58 in x of animated feature film history
Release: Dec. 29th, 1954
Director: John Halas, Joy Batchelor
The animals are tired of being under the cruel hand of Farmer Jones (Czar Nicholas II), so Old Major (Karl Marx), a pig, leads a meeting declaring that man is their enemy. But when Major dies, the animals lead a successful revolt against Farmer Jones, and the animals rename Manor Farm ‘Animal Farm’ and have their own laws. Snowball (Leon Trotsky) becomes the first president, but Napoleon (Joseph Stalin) ousts him, and Napoleon and his accomplice, Squealer (propagandist) break countless rules. And the rules are changed, showing that all animals are equal, but some are more equal than others. The film deviates from its source material by having the animals rise up and destroy Napoleon at the end of the film.
The animation historian Brian Sibley doubts that the team responsible was aware of the source of the funding initiating the project, which came from the CIA to further the creation of anti-communist art. The CIA initially funded Louis de Rochemont to begin work on a film version of Orwell’s work and he hired Halas & Batchelor, an animation firm in London that had made propaganda films for the British government. Halas and Batchelor were awarded the contract to make the feature in November 1951 and it was completed in April 1954. The production employed about 80 animators.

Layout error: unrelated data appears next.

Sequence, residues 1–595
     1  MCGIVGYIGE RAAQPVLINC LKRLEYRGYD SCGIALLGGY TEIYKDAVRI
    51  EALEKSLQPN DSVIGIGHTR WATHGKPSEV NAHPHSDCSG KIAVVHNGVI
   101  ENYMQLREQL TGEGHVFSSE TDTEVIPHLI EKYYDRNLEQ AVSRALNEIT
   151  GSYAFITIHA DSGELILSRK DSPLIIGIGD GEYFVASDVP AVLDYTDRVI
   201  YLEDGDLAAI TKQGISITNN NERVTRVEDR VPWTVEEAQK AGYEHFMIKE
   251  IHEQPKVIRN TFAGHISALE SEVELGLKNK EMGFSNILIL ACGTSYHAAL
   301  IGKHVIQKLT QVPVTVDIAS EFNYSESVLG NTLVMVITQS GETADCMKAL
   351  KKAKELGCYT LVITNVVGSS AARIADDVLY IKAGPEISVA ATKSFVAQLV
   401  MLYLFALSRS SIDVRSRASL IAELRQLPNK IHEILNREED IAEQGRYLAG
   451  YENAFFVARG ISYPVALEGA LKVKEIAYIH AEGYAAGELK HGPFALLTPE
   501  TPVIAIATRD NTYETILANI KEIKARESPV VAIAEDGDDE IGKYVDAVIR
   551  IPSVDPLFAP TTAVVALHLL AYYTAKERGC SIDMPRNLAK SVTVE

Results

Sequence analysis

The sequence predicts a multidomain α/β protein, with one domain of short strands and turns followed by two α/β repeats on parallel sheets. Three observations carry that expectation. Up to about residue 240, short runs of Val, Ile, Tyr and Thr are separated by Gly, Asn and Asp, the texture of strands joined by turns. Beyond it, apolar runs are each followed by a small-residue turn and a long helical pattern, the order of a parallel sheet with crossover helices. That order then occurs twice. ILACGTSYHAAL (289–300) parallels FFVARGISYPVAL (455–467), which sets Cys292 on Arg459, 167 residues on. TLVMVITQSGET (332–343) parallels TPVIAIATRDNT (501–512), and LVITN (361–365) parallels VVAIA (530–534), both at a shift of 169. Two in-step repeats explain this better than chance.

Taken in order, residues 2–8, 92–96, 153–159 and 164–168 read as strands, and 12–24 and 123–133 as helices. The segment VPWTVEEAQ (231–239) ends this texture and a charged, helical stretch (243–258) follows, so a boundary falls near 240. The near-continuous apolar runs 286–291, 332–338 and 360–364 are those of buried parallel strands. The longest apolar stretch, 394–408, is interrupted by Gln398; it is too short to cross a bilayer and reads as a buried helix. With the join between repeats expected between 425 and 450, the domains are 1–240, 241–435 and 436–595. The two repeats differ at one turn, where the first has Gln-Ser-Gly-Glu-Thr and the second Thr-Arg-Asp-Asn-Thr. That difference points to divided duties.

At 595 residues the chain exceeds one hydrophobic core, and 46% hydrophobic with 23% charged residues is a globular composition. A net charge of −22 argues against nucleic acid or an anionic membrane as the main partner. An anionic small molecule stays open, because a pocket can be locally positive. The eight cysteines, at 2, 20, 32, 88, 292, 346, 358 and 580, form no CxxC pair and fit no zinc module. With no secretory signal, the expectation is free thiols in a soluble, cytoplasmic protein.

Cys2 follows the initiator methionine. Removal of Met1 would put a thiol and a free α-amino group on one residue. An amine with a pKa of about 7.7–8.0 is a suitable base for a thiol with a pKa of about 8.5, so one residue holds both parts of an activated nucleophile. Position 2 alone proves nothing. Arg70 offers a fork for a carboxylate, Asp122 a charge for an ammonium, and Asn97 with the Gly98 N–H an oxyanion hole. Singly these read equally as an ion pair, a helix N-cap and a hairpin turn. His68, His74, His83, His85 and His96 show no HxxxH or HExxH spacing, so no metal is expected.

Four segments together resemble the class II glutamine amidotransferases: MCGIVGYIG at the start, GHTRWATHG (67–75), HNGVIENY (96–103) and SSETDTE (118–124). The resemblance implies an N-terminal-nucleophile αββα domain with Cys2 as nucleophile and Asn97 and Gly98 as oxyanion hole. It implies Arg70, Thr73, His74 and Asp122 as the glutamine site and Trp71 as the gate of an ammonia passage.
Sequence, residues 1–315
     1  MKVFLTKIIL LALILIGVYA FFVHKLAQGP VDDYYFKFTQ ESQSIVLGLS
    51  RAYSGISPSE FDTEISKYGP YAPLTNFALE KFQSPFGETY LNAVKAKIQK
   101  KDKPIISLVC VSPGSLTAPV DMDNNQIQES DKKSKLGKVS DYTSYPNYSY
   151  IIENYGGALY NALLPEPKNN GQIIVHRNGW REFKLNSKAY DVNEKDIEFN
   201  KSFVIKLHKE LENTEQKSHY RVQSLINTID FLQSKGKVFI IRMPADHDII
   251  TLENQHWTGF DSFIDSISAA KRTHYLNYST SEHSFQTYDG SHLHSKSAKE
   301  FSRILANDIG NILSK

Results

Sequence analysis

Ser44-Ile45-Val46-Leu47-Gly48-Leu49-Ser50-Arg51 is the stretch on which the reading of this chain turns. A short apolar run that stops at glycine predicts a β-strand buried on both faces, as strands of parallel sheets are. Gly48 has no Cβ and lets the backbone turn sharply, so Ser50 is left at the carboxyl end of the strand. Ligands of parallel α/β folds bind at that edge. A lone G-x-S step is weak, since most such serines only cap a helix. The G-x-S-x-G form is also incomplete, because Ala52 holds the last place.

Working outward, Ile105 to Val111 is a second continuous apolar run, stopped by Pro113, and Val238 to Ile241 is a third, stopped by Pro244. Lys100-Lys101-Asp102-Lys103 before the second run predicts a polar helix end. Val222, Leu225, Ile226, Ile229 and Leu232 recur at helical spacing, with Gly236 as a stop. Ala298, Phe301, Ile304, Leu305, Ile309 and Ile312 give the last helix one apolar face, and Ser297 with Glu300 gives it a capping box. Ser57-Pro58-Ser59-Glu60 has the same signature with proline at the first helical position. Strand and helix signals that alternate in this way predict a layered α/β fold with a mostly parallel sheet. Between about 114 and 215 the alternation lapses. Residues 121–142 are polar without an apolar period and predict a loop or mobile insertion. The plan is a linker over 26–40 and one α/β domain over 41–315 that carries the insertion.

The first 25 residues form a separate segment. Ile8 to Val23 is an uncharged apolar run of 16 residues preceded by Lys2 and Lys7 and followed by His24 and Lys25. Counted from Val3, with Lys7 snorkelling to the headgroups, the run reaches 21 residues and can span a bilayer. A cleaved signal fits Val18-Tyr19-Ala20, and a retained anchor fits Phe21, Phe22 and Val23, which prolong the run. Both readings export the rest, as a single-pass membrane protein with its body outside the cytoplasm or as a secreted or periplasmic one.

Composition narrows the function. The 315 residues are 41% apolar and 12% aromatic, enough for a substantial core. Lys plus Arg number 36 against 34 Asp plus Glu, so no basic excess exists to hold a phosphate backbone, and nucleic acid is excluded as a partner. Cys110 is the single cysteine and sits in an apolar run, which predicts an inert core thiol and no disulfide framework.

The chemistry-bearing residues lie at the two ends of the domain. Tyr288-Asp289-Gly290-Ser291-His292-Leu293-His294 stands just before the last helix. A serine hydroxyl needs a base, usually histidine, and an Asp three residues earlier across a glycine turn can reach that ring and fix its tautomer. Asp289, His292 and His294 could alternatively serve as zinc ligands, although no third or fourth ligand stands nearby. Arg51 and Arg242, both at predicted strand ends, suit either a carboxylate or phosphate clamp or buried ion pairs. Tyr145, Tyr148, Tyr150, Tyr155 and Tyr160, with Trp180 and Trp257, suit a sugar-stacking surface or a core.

The ’financial backers’ influenced the development of the film, the altered ending, and a message that, ‘Stalin’s regime is not only as bad as Jones’s, but worse and more cynical’, and Napoleon ‘not only as bad as JONES but vastly worse.’ The ‘investors’ were greatly concerned that Snowball (the Trotsky figure) was presented too sympathetically in early script treatments. A memo declared that Snowball must be presented as a “fanatic intellectual whose plans if carried through would have led to disaster no less complete than under Napoleon.’
To coincide with the film’s release, a comic strip version was serialized in newspapers, drawn by Harold Whitaker, one of the animators.
The film critic C. A. Lejeune wrote at the time: ‘I salute Animal Farm as a fine piece of work… [the production team] have made a film for the eye, ear, heart and mind’. Many parents were alarmed at the bleakness of the film, having taken their children thinking it was a film along the lines of a Disney cartoon. Some criticism was levelled at the altered ending, with one paper reporting: ‘Orwell would not have liked this one change, with its substitution of commonplace propaganda for his own reticent, melancholy satire.’
Maurice Denham provided the voice talent for all the animals in the film.
Animal Farm is also the first ever animated film to contain animated blood.”
Animal Farm is available on YouTube.